Clean Energy, Water Conservation Help Victor Valley, CA Economy
Learn how innovative energy and conservation projects help position Victor Valley as a national leader in business development, energy efficiency and environmental sustainability.
As the world’s largest recipient of solar radiation, second only to the Sahara Desert, the Mojave Desert is ground zero for solar energy innovation. Victor Valley businesses and residents have been tapping the power of the sun for decades, and the region was chosen in the 1980s for one of the first solar thermal energy plants. In 2010, Walmart opened its distribution center in Apple Valley and installed more than 5,000 solar panels to help power it. More recently, the Terra Verde Group announced plans to build more than 15,600 homes in the master-planned Tapestry community in Hesperia — each of which will feature solar panel installations. Homeowners across Victor Valley are taking advantage of programs such as the Home Energy Renovation Opportunity (HERO), which offers affordable financing for energy efficient upgrades.
Clean Air Champs
“Energy efficiency is also a form of pollution prevention, which focuses industry, government, and public attention on reducing the amount of pollution through cost-effective changes in production, operation and raw materials use. Moreover, reduced emissions and costs can lead to an improved quality of life,” says Brad Poiriez, executive director of the Mojave Desert Air Quality Management District (MDAQMD).
The MDAQMD monitors air pollution in compliance with the Federal Clean Air Act and California’s air pollution laws. While the agency works to attain and maintain a healthy environment, Poiriez says, it also is invested in supporting sustainable economic growth. He says the MDAQMD proactively supports and encourages the creation and recognition of emission reductions credits, offers some of the lowest permit and application fees and has some of the most expedient permit processing times in the state. While California’s air quality regulations have a reputation for being among the most challenging in the nation, Poirez notes his agency’s work with applicants to cut through red tape instead of adding another layer, which encourages investment and job creation in the region.
“The MDAQMD is truly California’s final frontier for businesses seeking to locate or remain in the Golden State, based largely on the legendary working relationship we have cultivated with our regulated industry,” he says.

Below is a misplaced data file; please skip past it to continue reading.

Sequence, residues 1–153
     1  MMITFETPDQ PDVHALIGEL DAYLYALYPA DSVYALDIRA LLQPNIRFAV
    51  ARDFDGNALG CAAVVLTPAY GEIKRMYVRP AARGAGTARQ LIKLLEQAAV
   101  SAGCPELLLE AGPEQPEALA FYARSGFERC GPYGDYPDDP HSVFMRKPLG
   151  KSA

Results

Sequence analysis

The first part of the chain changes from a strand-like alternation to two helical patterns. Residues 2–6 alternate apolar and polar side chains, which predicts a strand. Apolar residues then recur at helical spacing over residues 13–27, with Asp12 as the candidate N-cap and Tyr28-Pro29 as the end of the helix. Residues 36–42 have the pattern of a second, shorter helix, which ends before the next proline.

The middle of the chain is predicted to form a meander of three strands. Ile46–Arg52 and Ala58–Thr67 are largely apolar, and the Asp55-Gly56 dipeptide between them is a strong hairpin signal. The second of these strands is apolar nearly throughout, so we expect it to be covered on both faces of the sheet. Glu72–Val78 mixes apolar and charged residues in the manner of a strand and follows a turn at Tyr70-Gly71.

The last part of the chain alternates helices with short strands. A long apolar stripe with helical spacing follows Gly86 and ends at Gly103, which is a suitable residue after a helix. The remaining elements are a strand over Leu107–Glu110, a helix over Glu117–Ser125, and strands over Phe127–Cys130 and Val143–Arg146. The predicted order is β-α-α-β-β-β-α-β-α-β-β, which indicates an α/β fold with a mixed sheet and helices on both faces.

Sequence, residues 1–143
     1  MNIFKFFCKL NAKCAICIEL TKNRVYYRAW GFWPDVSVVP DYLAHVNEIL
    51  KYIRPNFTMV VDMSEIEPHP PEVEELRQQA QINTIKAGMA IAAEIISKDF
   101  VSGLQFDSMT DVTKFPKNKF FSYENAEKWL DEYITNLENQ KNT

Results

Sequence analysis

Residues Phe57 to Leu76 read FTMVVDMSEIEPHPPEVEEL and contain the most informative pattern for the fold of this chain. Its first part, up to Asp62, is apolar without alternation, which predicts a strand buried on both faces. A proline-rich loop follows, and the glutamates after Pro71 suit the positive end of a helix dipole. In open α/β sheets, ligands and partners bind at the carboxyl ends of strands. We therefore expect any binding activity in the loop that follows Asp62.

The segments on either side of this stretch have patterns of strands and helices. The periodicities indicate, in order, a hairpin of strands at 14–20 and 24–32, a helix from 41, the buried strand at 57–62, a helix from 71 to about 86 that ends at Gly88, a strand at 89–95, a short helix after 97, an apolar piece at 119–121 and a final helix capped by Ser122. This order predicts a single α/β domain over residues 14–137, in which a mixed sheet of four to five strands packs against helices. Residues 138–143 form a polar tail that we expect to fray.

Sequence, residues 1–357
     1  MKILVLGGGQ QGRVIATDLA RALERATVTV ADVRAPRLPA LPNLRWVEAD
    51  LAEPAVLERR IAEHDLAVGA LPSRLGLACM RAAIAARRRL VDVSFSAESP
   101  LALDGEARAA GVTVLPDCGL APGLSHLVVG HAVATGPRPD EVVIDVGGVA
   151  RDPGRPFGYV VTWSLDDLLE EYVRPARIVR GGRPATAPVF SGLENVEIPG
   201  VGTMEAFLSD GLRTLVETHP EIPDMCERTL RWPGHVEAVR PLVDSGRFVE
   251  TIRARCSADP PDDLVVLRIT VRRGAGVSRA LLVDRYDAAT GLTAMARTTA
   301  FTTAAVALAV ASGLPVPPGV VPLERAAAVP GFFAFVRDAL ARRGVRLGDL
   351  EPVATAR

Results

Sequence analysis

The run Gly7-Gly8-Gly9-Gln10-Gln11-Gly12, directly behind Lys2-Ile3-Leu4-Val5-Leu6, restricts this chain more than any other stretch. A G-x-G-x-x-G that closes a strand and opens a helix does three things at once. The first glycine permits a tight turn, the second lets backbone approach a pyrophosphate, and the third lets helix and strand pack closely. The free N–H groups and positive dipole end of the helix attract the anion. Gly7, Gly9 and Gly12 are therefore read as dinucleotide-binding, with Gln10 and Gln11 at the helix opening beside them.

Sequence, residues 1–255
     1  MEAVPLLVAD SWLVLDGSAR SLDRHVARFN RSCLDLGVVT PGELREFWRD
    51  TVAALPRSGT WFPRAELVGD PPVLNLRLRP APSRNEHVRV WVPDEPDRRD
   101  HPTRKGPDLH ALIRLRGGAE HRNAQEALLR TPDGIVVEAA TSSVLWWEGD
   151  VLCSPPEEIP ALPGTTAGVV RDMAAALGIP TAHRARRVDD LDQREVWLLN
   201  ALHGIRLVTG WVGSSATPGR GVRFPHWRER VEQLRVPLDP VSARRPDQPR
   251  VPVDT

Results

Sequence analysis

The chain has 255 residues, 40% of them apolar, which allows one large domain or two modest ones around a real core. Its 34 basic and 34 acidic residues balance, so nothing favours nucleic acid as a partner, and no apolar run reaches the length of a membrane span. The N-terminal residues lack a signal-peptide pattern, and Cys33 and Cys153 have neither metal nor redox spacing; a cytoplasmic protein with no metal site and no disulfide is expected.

Poiriez stresses that the relationship with businesses has helped make the agency’s work successful. Each year, the MDAQMD names recipients of its Exemplar Award, which recognizes businesses, agencies, organizations and educational institutions that have made significant contributions to the prevention and control of air pollution. Past recipients include Advance Disposal Co., Duffy Electric Boat Co., Victor Valley College and CEMEX.
In 2013, CEMEX, a global building materials company, commissioned four General Electric wind turbines at its cement plant in Victorville. The power generated from the wind turbines could power 1,500 average-sized households. The turbines, which have zero emissions, will prevent more than 11,000 tons of carbon dioxide emissions each year.
“Progress towards a more sustainable, energy-efficient and cost-effective future is a top priority for CEMEX. We understand the value of using renewable energy for reducing the carbon footprint of our operations and is a successful model of its application in the industry,” says Walker Robinson, external communications manager for CEMEX. “This project demonstrates CEMEX’s commitment to find creative ways to save costs and comply with increasingly stringent air quality regulations in California.”
Water conservation also plays a role in the region’s economic development efforts. The Mojave Water Agency is charged with managing the region’s water resources. The agency monitors groundwater supplies, imports water from the State Water Project, develops plans and programs to ensure a sustainable water supply and builds infrastructure such as pipelines and ground recharge projects. The agency also promotes conservation through grants and programs, such as Large Scale Cash for Grass, which pays businesses and schools to remove grass and replace it with desert friendly landscaping.
Yvonne Hester, Community Liaison Officer for the Mojave Water Agency, says companies, such as the Nutro Co. in Victorville, have embraced water conservation. The company uses recycled water from plant production, which cuts its water use by nearly 50 percent.
“Without a sustainable and quality water supply, new businesses cannot locate to Victorville and current businesses cannot expand. That is why conservation is so important. A growing business community creates jobs, and these jobs in turn provide citizens with the incomes that can enable them to buy homes, support the local soccer club or other community efforts, and enjoy a high quality of life,” Hester says.